News and Press Releases

United States Attorneys Barbara L. Mcquade
And Patrick Miles, Jr. Host The Michigan Reentry Summit

 

FOR IMMEDIATE RELEASE
May 6, 2014

Lansing, Michigan - Reducing crime through prisoner re-entry was the focus of a summit today in Lansing, organized by Barbara L. McQuade, U.S. Attorney for the Eastern District of Michigan, and Patrick A. Miles, Jr., U.S. Attorney for the Western District of Michigan.

More than 200 probation and corrections officers, law enforcement officials, service providers and other stakeholders participated in the summit at the Thomas M. Cooley Law School in Lansing. 

Re-entry is a key component of U.S. Attorney General Eric H. Holder, Jr.'s Smart on Crime Initiative.

The summit focused on sharing ideas and best practices for improving the success for citizens returning to the community after serving prison sentences.  In contrast to the national recidivism rate of 67 percent, in Michigan, only 29 percent of offenders commit new crimes and return to prison. 

The summit addressed breaking through the barriers to successful re-entry, such as employment, education and mental health.

Speakers included Ronald Davis, Director of the Office of Community Oriented Policing Services at the U.S. Department  of Justice, and Amy Solomon, Senior Advisor at DOJ's Office of Justice Programs.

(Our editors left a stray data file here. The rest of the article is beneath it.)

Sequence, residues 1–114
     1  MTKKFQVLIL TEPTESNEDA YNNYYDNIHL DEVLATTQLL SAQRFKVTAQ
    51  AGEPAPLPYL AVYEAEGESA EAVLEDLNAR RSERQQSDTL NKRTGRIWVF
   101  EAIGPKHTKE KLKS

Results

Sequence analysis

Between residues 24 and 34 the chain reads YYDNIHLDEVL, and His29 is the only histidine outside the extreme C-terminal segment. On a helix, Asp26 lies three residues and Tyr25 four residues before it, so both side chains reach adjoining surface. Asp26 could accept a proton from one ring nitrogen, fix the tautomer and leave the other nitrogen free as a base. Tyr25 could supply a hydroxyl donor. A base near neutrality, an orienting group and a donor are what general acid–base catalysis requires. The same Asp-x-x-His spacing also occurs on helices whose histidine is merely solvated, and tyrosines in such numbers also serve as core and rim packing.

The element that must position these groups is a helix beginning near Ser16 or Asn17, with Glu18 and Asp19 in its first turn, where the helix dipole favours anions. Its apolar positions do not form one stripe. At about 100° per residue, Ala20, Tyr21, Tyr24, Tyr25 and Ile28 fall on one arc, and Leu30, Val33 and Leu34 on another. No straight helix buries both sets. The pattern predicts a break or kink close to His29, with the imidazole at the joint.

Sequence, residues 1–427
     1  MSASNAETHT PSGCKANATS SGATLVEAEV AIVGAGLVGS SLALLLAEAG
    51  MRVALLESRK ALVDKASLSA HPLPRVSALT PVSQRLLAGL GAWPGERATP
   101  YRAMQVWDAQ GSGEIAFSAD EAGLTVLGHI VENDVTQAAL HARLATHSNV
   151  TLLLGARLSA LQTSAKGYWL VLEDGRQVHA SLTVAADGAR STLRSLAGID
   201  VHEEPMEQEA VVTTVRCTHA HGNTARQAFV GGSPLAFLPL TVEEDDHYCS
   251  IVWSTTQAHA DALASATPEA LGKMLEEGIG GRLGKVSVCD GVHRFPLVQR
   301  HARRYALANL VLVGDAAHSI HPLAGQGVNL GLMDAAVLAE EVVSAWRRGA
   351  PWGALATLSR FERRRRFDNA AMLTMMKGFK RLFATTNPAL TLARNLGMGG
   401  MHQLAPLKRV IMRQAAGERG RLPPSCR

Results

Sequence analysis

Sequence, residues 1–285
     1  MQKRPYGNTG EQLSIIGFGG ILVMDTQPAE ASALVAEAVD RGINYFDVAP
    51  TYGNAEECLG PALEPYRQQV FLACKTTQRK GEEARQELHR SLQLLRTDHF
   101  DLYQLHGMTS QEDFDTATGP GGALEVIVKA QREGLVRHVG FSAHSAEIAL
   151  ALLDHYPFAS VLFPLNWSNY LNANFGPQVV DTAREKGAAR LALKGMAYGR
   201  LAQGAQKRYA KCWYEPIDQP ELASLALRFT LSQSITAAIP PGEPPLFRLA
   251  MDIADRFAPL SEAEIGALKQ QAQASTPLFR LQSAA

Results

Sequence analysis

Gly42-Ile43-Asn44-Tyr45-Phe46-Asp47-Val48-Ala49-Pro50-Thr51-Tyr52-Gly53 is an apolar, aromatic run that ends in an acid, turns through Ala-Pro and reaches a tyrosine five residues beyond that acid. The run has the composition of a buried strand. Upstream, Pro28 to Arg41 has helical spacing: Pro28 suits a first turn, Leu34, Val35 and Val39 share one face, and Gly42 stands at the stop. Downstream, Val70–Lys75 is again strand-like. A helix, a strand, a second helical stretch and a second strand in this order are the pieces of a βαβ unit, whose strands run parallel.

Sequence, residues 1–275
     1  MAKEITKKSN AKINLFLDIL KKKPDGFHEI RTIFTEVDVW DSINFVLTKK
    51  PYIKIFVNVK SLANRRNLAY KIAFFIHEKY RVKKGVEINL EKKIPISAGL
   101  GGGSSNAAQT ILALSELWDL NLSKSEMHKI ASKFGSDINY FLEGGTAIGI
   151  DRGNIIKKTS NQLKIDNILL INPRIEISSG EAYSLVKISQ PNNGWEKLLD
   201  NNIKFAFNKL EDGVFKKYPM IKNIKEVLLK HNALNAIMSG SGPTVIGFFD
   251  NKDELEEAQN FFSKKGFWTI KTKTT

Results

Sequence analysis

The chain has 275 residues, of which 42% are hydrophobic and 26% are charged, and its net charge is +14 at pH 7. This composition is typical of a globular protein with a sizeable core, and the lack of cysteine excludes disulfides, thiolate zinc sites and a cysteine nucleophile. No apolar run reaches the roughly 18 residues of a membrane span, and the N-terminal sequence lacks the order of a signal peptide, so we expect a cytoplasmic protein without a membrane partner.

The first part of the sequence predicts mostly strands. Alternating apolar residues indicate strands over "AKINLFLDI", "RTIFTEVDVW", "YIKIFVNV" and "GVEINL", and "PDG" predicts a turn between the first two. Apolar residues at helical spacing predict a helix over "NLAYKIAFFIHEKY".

"Focusing on prisoner re-entry is a smart investment because it reduces crime and saves money," McQuade said. "When we spend $30,000 a year to imprison each offender, we can instead spend a fraction of that money on helping them succeed in the community."

"Reentry failure carries a high cost -- both economically and on society --  because it means more crime, more victims, more broken families as well as more burdens on law enforcement and on the judicial system," Miles stated. "It is a multi-faceted problem that demands a coordinated solution. That is why we convened this summit."

The event also provided an opportunity for the attendees to become aware of some of the effective re-entry programs already underway such as the federal re-entry courts using intensive supervised release programs for some of the highest-risk offenders returning from prison as well as the Eastern District of Michigan’s Face-To-Face initiative.   This particular initiative involves meeting with offenders and informing them of the specific consequences of continued criminal activity in light of their criminal records.

The summit was hosted by the U.S. Attorney’s Office for the Eastern and Western District of Michigan, the Michigan Department of Human Services, the Michigan Department of Community Health, the U.S. Department of Justice, Bureau of Prisons, Michigan Department of Corrections, U.S. Probation for both the Eastern and Western District of Michigan, MAGLOCLEN, Prosecuting Attorneys Association of Michigan, Thomas M. Cooley Law School and the Michigan Sheriff’s Association.

 

 

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